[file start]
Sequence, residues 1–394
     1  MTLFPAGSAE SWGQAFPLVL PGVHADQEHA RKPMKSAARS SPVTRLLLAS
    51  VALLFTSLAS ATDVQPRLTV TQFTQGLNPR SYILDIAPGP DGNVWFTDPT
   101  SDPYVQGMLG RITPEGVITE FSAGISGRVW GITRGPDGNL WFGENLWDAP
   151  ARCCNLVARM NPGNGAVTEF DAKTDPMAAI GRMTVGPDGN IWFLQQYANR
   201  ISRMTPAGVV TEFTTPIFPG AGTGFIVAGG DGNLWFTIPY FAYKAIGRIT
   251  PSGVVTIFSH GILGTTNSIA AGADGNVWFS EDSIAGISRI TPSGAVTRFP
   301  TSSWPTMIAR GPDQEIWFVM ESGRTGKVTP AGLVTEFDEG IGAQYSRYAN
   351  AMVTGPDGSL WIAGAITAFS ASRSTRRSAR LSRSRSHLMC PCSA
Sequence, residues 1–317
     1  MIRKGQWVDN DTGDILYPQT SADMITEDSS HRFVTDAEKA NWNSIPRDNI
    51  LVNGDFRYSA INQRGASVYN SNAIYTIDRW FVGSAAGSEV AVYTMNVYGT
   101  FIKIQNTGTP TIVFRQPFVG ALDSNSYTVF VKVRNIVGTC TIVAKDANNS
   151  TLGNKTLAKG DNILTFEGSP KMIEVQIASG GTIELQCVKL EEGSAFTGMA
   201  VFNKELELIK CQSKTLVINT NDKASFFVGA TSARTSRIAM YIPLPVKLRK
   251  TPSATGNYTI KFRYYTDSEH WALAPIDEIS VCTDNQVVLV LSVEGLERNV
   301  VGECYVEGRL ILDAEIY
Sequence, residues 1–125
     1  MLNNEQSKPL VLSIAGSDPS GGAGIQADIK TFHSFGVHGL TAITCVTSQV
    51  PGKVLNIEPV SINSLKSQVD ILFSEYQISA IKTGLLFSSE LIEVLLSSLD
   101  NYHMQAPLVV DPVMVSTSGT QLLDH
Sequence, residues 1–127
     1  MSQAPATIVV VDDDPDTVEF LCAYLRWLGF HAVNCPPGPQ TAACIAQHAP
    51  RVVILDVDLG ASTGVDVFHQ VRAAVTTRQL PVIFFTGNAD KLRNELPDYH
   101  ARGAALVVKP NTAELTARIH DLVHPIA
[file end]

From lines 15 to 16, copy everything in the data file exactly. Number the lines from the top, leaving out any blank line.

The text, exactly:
   201  VFNKELELIK CQSKTLVINT NDKASFFVGA TSARTSRIAM YIPLPVKLRK
   251  TPSATGNYTI KFRYYTDSEH WALAPIDEIS VCTDNQVVLV LSVEGLERNV